Tronido Crianza Rioja Bodegas Navajas (Rioja, Spain) with Tornegus (Surrey)
The curve ball of the board, this washed-rind cheese (pinkish with a scattering of Egyptian Mint) had spicy, fruity, funky, bacony hints that led to it being tagged the 'Marmite' cheese of the group. A punchy cheese requires a punchy wine, and our Tronido Crianza is all red berries, sweet vanilla topped off with an earthy undertone of spices.
De Bortoli Bortrytis Semillon 2009 (Australia) with Quickes Traditional Cheddar (Devon)
Having been matured for over twelve months, this has an intense flavour. Salt loves sweet (think sweet & sour dishes), and the saltiness of the cheese will heighten the perception of sweetness in the wine - so if you already have a wine that's headed in that direction then these two make for plain sailing.
Taylors LBV 2008 Port (Portugal) with Brighton Blue (West Sussex)
This semi-soft, mellow blue cheese made from pasteurised cow's milk has all the hallmark flavours of a fragrant blue cheese. Same rules apply - the salty, nutty nuances of the cheese marry perfectly with the viscose, sugary texture of the Port. We thought a Ruby Port could work slightly better (as a fruitier, less woody style) and one of our team swears by Valpolicella Ripasso and blue cheese. There are a plethora of options to play with.
Finally, as most people will recognise, the Big Cheese continuum runs from fresh through to hard-aged. Youthful cheeses have a soft, milky and delicate texture. As a cheeses age however, the moisture in its body begins to evaporate, leaving behind fat and protein. Since this is where the flavour intensity comes from, these older cheeses tend to be more rich, savoury and concentrated in flavour.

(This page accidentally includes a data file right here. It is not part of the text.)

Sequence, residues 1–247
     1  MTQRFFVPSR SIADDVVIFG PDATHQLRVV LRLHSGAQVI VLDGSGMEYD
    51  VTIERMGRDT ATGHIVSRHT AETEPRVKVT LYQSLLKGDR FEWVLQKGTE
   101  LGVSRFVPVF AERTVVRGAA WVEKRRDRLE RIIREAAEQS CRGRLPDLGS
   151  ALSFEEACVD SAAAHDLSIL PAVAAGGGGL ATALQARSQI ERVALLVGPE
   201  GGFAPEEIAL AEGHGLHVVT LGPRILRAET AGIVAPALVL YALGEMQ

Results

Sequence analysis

Helpfully for us, wines run a similar course from delicate to bold, and their depth and complexity often correlates with their age too. Young wines are bright and spirited, with lively aromas and flavours of citrus fruits and fresh flowers. Once a wine has spent time in barrel or bottle it's a different story, and the flavours develop and knit together to acquire more nuanced secondary flavours which are all earthy, smoky and toasty oak.
For all food and wine matching advice, call our experts or drop us an email to email@example.com
Jascots Wine Merchants - 02089652000
The Cheeses & The Wines
Sussex Slipcote (sheep's milk cheese, West Sussex)
Three Choirs "Winchcombe Downs" 2012 (Gloucestershire)
Wealdway Mature (goat's cheese, East Sussex)
Clarence River Sauvignon Blanc 2013 (Marlborough, NZ)
Lord London (East Sussex)
The Crusher Pinot Noir 2012 (California, USA)
Mayfield (East Sussex)
The Crusher Pinot Noir 2012 (California, USA)
Château La Vérriere 2010 (Bordeaux Superieur, France)
Tronido Crianza Rioja 2010 Bodegas Navajas (Rioja, Spain)
Quickes Traditional Cheddar (Devon)
De Bortoli Botrytis Semillon 2009 (Australia)
Brighton Blue (West Sussex)
Taylors LBV 2008 Port (Portugal)
Cheese & Wine Rules to Remember:
- White can be right! On a standard cheese board often white wine is better and more versatile with many cheeses than red.
- If it is red, choose light or old. Some reds are too dry, choose a light or an older red with less tannin.
- Pair similar "weights" or textures. E.g. when the cheese is quite heavy, choose a thicker textured wine.
- Sweet & Salt = the perfect pair. A sweet wine and a salty cheese are a delicious combination!